LOA: 36′ 3″
LWL: 30′ 0″
BEAM: 11′ 8″
DRAFT: 5′ 2″
DISP, 1/2 load: 18,125 lbs
BALLAST: 7,000 lbs
SAIL AREA (100% fore triangle): 645 sq ft
SAIL AREA (IMS): 715 sq ft
SA/DISP (IMS): 18.70
DISP/L RATIO: 250
Clients would often ask which of my many designs would be my choice for my own retirement cruiser. “Easy”, I will respond, “a scaled up and improved version of my beloved 30 foot ANNIE.”
ANNIE had everything, contends her designer – she was beautiful to look at, had a wonderfully easy motion at sea owing to her heavy displacement, and never finished worse than first in any race she entered. I know that heavy boats need not necessarily be slow— it is the ratio between propulsive force (sail area) and resistance (displacement and wetted surface) that counts. So a heavy boat can be plenty fast, if the sailplan is large enough. And ANNIE was also extremely stable. Everyone knows that small boats whose decks stay reasonably level underfoot are far more pleasant to spend time aboard than ones that sail on their ear.
A few years ago I began designing my own retirement cruiser, one that never got built because the press of a growing business precluded any thoughts of retirement. It was an expanded ANNIE, which I naturally named “EXPANNIE“. I was ready for a larger boat than 30 feet and so the question then became, by how much to scale her up and what, if anything, to change.
In EXPANNIE I attempted to preserve all of the wonderful characteristics of the little progenitor, and to solve the two problems that ANNIE has suffered; too little headroom, and a heavy helm when hard pressed. The headroom was easy- just scale her up to 36 feet or so and the problem solved itself. The helm was another matter. Conventional wisdom has it that a full length keel ends in a rudder which pivots at its forward edge, meaning as soon as it was deflected, a large moment is created. The bigger the boat, the bigger the rudder and the bigger the forces. But a tiller can only be deflected a couple of feet and still be usable by a seated helmsman. For these reasons tiller steered boats with outboard rudders cease to work very well above the mid to upper thirty-foot length.
I have put a lot of miles under my keel. I know the virtues of larger yachts (steadier motion, less heeling, more wide open interior spaces less prone to get seasickness, more stowage for the toys one collects). And I know the virtues of smaller (lower initial and mantenance cost, easier to handle with manual winches, etc., easier to push away from the dock, less resplendant of embarrassing wealth which might be an affront in the poor countries where I want to cruise) and perhaps most important, shallower draft for that winter in the Bahamas.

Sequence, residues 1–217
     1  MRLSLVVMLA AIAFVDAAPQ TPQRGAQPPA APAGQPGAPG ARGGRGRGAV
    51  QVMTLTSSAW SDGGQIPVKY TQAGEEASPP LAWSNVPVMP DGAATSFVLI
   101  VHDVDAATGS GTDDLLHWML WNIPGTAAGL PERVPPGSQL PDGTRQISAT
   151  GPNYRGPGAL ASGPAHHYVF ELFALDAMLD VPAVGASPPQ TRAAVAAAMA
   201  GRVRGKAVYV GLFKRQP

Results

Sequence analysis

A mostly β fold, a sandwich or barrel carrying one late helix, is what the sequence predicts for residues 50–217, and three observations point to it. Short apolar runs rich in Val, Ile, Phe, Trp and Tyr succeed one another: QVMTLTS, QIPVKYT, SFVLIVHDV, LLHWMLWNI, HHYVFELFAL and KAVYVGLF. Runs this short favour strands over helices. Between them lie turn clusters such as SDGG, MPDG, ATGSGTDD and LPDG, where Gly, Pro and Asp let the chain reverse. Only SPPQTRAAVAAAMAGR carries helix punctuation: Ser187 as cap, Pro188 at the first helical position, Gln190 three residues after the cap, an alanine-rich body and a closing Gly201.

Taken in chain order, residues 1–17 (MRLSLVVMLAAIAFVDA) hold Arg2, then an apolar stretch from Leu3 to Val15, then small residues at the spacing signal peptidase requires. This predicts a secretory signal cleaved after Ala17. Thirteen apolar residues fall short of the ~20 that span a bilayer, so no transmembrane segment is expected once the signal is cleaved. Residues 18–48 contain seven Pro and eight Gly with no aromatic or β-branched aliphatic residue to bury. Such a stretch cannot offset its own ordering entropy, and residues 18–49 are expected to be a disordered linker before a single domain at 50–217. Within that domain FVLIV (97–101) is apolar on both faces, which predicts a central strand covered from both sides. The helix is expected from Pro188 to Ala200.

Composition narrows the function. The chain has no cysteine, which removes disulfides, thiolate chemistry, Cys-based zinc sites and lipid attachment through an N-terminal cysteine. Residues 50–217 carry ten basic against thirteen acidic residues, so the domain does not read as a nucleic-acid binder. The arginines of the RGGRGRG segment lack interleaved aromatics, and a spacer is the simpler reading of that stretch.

36 feet is just large enough to qualify as “oceangoing” and to accommodate the four person crew I consider ideal for congenial companionship aboard a boat. It’s just the right size to put the portholes precisely at eye height. And large enough also to accommodate the ideas that I have been collecting for a lifetime, such as gimballed berths which allow the two sleeping crew to really get a good night’s sleep while the other two sail, and a truly large and properly ventilated shower room so that I and my guests can enjoy the rare experience of being clean and living on the ocean at the same time.
EXPANNIE is a yacht designed according to the KISS principle, distinguishable from her contemporaries by what she does not have aboard as opposed to what she does. She will leave ashore electric winches, an electric anchor windlass, built in electric navigation devices (she’ll have two handheld GPS’s), watermaker (she’ll have an easily valved rain catchment system), wind instruments (I was born with cheeks for this purpose), television (she’ll have books instead for entertainment), and anything that provides luxury at the cost of consuming electrons. She will have excellent central heating, pressurized hot and cold water for that shower I love, opening ports at eye height, numerous dorade ventilators, a few electric fans, very significant tankage for fuel and water, a sextant and tables for navigation if the satellites go down, superbly cut but simple non-laminated dacron sails, simple slab reefing, a roller furling genoa, a reliable diesel engine, a small radar for cruising in Maine and (foggy) parts east, and a two-part dinghy that stows easily on the cabintop and can be sailed once at the anchorage. With so few electric whizbangs to go wrong and require fixing, she’ll spend most of her time actually out sailing with rare speed, power and grace.
Of all of the new offerings she is the one whose design is only partially complete, so we are seeking a customer who would be willing to pay to complete the design for a fee that would range between US$30,000 and $35,000. Study plans are available emailed to you in pdf format for US$ 25.00.
This design is featured in both of my recent books; MY YACHT DESIGNS and the Lessons they taught me, and THE BOATS I’VE LOVED- 20 Classic Sailboat Designs by Chuck Paine. Both are beautiful, full colored, first class books which give you lots more information on this design, and can be purchased on this website.
PDF Plans: $25
no shipping, sent via email
Further information may be obtained from:
Tenants Harbor, Maine 04860-0114